Ethics is independent of law. Sex with a patient is both unethical and a violation of board rules. Not every ethical violation should be a violation of board rules. The absence of a law or board rule about something doesn't render that something ethical.

Minoosh 14th February 2020 11:28 AM

Quote:

Originally Posted by TragicMonkey (Post 12989447)
Even our beloved but obviously insane Lord President knows that "judgment" is properly spelled with only one E. Granted he scribbles the word in crayon or his own waste, and doesn't know what it means, but still.

Wars have been fought over less.

TragicMonkey 14th February 2020 11:29 AM

Quote:

Originally Posted by Minoosh (Post 12989609)
Wars have been fought over less.

Even Jenkins wouldn't misspell "ear".

Skeptic Ginger 14th February 2020 11:37 AM

Quote:

Originally Posted by xjx388 (Post 12989439)
You keep dismissing the ethical code as just some rules I found on the internet. Do you not think that that the ethical code is an important part of professional judgement?
Do you think they tell students and residents, "Ethics? That's just some rules on the internet. Ignore them and use your professional judgement, instead."

You clearly cannot defend your position so you make up a straw man, all or none, to do battle with. You are arguing everyone should anally follow these 'rules' lest they have nothing upon which to base their ethical judgement.

That's a bizarre point of view. What if there is something for which no organization position paper exists?

What if there are two such position papers and they don't agree?

It's like you picture medical providers running around saying, "Oh no, what do I do, what do I do?"

It's mind boggling to me that you could actually believe that. So I don't think you do believe that. You are trying to justify the position you've taken and it takes a straw man to do that.

Skeptic Ginger 14th February 2020 11:44 AM

Quote:

Originally Posted by xjx388 (Post 12989483)
...

So please tell me, you, SG, anybody . . . how does professional judgement override those sound arguments?

It's easy. Take the case of Trump as an example. More than a few highly credentialed professionals have described in detail why they felt the need to override the arguments you seem to think should be burned into one's soul.

Ethics: The Goldwater Rule had to be overridden here given the threat they believe Trump poses.

And if you are still arguing for that in-person exam, you are dismissing the professional judgement of thousands of professionals that can see it would add nothing in this case and Trump's pathologic NPD is blatantly obvious.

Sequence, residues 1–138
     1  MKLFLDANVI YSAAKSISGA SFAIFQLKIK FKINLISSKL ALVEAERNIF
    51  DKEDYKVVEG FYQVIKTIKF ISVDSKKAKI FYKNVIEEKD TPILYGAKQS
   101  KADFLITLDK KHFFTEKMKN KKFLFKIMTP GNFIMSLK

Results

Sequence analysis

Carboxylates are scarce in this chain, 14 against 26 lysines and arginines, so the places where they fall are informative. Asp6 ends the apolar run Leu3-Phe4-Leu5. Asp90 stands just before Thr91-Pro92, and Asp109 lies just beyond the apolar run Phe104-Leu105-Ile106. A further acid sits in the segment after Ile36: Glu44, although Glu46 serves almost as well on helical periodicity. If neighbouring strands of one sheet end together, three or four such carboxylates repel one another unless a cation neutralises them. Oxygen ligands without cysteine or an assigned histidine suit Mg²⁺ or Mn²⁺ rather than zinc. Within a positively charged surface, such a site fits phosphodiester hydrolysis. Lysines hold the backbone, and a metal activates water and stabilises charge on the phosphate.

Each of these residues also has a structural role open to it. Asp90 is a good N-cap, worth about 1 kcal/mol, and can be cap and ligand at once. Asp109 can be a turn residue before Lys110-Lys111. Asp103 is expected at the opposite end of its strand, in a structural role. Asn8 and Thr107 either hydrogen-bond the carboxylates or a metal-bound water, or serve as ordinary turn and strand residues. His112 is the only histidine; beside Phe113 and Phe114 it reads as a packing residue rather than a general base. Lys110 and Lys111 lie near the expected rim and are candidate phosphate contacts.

RecoveringYuppy 14th February 2020 12:07 PM

Quote:

Originally Posted by xjx388 (Post 12989576)
... (covered extensively in the thread before) ...

Thanks, no need to pointlessly beat this to death again.

xjx388 15th February 2020 12:41 AM

Donald Trump has 'dangerous mental illness' say psychiatry experts at Yale... Pt 3
 
Quote:

Originally Posted by Skeptic Ginger (Post 12989629)
It's easy. Take the case of Trump as an example. More than a few highly credentialed professionals have described in detail why they felt the need to override the arguments

An appeal to popularity?

Quote:

you seem to think should be burned into one's soul.
If you donít think ethics should be the core of a professionals practice. I donít think we will agree on very much.

Quote:

Ethics: The Goldwater Rule had to be overridden here given the threat they believe Trump poses.
Begging the question.

Quote:

And if you are still arguing for that in-person exam, you are dismissing the professional judgement of thousands of professionals that can see it would add nothing in this case and Trump's pathologic NPD is blatantly obvious.
Another argument by popularity. And itís worth pointing out that there is no evidence of ďthousands of professionalsĒ who think this way. At best, there are somewhere around 40 professionals who have publicly spoken about this.

Skeptic Ginger 15th February 2020 04:36 PM

Quote:

Originally Posted by xjx388 (Post 12990122)
An appeal to popularity?

If you donít think ethics should be the core of a professionals practice. I donít think we will agree on very much.

Begging the question.



Another argument by popularity. And itís worth pointing out that there is no evidence of ďthousands of professionalsĒ who think this way. At best, there are somewhere around 40 professionals who have publicly spoken about this.

You seem to be confusing a difference of opinion between professionals as an appeal to popularity.

Wow, that is some twisted logic: one side is valid and the other isn't?

xjx388 16th February 2020 10:24 AM

Quote:

Originally Posted by Skeptic Ginger (Post 12990685)
You seem to be confusing a difference of opinion between professionals as an appeal to popularity.

Iím not confused about anything.